for anything he ever did or any senti
ment he ever expressed in reference to
the boar dof control. He was opposed
to it when the law was passed, and is
still opposed to it, because he considered
it purely political and because it makes
no accounting for the large sums it dis
burses, doing its work in secret.
He was opposed to a board of control
for educational institutions, for fear it
would inject politics into them. If elect
ed governor he premised that for at
least two years the school system of the
state would be absolutely divorced from
Merger a Live Issue.
Mr. Johnson said he was in favor of
a 4 per cent gross earnings tax, and
declared that the merger is still and
must continue to be an issue in this
state. Dunn's acts regarding the pine
land trespass cases were an abuse of
discretionary power and dangerous to
the interests of the state.
If elected, Mr. Johnson said he would
be true to himself and would so enforce
the laws that every citizen would be
Mr. McDermott was the last speaker,
and asserted that the republican state
ticket was put up by the merger, which
had controlled the state convention.
Those who had in any way helped to
fight the merger were turned down. He
urged the democrats to vote for Lovely
and Brown in particular for the su
preme bench. People who feel they are
not paying enough taxes should vote
for Dunn, and those who want the rail
roads to bear the greater part of taxa
tion should vote for Johnson. He ap
pealed to republicans to vote the demo
The meeting has resulted in a large
increase in Johnson sentiment here. Mr.
Johnson was. always popular in Man
kato, but never more so than now.
DUNN MEETING AT ANOKA
County Is Drifting from HimAnother
Shot at The Journal.
Special to The Journal.
Anoka, Minn., Nov. 1.R. C. Dunn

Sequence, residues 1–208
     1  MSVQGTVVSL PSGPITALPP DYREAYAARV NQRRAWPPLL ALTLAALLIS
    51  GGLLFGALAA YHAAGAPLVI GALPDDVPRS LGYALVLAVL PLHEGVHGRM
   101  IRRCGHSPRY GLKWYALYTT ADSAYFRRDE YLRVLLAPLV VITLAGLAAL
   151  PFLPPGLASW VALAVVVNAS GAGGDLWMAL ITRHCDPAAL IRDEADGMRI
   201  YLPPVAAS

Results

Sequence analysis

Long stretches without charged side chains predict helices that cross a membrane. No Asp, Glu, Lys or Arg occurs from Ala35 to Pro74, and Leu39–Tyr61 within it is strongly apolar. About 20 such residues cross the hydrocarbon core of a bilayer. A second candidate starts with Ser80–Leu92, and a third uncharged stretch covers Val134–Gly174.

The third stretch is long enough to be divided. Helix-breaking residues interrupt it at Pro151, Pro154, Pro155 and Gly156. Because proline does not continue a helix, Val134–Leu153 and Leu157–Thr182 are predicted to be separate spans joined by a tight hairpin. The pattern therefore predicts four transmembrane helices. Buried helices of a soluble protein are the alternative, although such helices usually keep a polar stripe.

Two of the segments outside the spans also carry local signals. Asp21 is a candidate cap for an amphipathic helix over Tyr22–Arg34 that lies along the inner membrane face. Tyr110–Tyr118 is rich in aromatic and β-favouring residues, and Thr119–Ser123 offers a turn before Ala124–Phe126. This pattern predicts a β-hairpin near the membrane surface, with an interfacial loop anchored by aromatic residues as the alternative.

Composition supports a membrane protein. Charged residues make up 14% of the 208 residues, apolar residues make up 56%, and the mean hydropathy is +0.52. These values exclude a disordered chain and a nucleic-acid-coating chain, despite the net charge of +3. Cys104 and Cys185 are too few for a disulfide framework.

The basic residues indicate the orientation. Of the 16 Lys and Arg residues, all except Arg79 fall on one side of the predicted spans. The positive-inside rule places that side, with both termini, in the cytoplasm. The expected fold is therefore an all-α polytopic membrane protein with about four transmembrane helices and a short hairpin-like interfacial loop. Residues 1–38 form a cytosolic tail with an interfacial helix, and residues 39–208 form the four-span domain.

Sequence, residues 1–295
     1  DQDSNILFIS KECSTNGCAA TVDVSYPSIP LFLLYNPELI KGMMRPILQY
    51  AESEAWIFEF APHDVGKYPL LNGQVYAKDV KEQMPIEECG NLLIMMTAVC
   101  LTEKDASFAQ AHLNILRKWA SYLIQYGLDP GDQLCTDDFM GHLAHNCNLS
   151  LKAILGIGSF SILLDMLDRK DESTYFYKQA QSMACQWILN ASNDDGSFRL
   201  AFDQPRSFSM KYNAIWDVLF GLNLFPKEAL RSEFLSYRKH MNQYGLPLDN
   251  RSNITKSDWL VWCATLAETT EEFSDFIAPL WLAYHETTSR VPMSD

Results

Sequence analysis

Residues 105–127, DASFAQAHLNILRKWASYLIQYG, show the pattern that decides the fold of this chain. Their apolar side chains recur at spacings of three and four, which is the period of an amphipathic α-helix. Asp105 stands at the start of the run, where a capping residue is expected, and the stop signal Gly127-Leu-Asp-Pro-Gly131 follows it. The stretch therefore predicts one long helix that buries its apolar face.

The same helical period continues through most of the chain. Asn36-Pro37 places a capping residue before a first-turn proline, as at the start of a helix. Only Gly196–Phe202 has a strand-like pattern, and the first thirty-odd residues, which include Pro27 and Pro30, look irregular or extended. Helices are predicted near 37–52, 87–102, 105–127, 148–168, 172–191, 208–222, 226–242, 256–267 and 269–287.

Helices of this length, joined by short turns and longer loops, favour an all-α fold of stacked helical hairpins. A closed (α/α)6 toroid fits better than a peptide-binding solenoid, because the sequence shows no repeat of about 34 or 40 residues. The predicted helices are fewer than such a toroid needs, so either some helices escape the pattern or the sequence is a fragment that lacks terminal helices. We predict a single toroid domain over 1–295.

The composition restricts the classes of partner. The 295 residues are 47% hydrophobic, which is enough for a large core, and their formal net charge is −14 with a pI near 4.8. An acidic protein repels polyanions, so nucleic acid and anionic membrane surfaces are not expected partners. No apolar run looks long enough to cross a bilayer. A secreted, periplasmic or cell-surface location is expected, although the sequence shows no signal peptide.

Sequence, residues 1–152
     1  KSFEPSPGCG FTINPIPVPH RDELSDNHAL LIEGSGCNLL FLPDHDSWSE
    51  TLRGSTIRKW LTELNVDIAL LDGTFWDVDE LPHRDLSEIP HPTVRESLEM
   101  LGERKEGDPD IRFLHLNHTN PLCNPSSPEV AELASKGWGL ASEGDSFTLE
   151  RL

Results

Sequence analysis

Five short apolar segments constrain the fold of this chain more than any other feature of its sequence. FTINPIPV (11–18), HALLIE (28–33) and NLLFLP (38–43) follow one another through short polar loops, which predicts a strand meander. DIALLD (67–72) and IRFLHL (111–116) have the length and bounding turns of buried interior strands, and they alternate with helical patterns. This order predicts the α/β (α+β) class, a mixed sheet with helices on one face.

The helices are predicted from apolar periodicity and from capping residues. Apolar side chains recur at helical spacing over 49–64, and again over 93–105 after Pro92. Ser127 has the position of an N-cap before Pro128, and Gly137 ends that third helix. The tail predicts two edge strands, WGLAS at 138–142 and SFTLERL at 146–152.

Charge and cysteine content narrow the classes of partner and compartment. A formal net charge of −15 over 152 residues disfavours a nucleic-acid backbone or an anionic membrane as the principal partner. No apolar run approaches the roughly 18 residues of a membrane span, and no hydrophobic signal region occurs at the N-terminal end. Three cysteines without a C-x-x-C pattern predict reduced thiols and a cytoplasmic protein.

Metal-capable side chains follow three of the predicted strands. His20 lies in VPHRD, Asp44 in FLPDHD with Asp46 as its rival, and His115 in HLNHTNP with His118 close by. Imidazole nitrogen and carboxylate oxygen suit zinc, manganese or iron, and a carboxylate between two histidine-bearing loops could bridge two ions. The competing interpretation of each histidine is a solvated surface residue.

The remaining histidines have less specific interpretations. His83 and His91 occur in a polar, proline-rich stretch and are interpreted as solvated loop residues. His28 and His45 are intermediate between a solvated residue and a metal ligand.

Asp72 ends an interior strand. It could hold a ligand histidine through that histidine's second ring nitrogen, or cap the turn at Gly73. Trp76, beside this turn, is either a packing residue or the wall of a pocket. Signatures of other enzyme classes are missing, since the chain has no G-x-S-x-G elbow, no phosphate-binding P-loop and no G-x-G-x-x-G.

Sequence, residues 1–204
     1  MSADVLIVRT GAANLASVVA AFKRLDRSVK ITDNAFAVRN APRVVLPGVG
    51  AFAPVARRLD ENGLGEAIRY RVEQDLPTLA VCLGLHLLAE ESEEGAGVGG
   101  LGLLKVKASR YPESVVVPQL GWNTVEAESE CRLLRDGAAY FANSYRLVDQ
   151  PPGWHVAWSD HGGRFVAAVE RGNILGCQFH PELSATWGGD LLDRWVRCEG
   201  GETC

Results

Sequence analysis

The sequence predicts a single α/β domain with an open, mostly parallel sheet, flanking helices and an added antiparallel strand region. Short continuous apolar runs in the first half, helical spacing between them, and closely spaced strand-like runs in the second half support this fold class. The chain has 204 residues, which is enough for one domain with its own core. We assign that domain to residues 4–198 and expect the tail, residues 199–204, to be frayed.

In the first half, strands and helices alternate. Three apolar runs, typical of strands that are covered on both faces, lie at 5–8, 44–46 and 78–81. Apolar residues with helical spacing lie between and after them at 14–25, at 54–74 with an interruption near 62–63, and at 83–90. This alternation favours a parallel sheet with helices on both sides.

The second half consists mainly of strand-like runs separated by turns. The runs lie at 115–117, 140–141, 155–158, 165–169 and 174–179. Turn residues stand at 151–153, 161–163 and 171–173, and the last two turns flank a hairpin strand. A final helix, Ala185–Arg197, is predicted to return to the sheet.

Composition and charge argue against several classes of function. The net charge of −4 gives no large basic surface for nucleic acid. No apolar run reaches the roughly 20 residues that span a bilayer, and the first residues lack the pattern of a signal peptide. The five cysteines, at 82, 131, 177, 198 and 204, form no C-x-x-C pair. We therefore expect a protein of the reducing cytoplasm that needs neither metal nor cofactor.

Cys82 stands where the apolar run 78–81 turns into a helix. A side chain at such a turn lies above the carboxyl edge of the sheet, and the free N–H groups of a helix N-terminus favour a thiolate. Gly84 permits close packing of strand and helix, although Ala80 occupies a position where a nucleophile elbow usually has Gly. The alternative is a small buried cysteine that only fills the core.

spoke to an audience of about six
hundred in the armory here last night.
His followers did their best to make
the meeting a success, but it fell short
Mr. Dunn seems to have been hard
hit by the exposures of The Minneapolis
Journal, for he roasted that paper as
best he could, considering the limita
tions thrown about him by a public
meeting. He declared that were he
Journal now to come out for him
he would throw up his hands and quit.
He spent much of his time in review
ing his alleged services to the state,
and reiterating his claims that he had
saved it vast sums and large acreages.
Professor Caton of Minneapolis sup
ported Mr. Dunn in a few remarks.
This county, commonly conceded as
Dunn territory, will be about evenly
divided between, him and Johnson.
FREEBORN COUNTY MEETINGS
F. M. Eddy and I L. Brown to Close
for Their Respective Sides.
Special to The Journal.
Albert Lea, Minn., Nov. 1.A small
audience greeted R. W. Taylor, the Ohio
orator, who spoke here. His speech was
'devoted entirely to national issues and
was able and interesting. O. W. Bald
win of Minneapolis began a four-nights'
engagement in the villages of the coun
ty Dy speaking in Hartland last night.
F. M. Eddy has been assigned to speak
here next Saturday night, and that will
finish the republican spellbinding for
this year. The democrats expect L. L.
Brown of Winona to deliver an address
here before the campaign closes.
McSHEEHY SPEAKS IN WINONA
Ohio Orator Billed for One Address
Only in Minnesota. 1
Special to The Journal.
Winona, Minn., Nov. 1.Thomas Mc
Sheehy or Fremont, Ohio, addressed a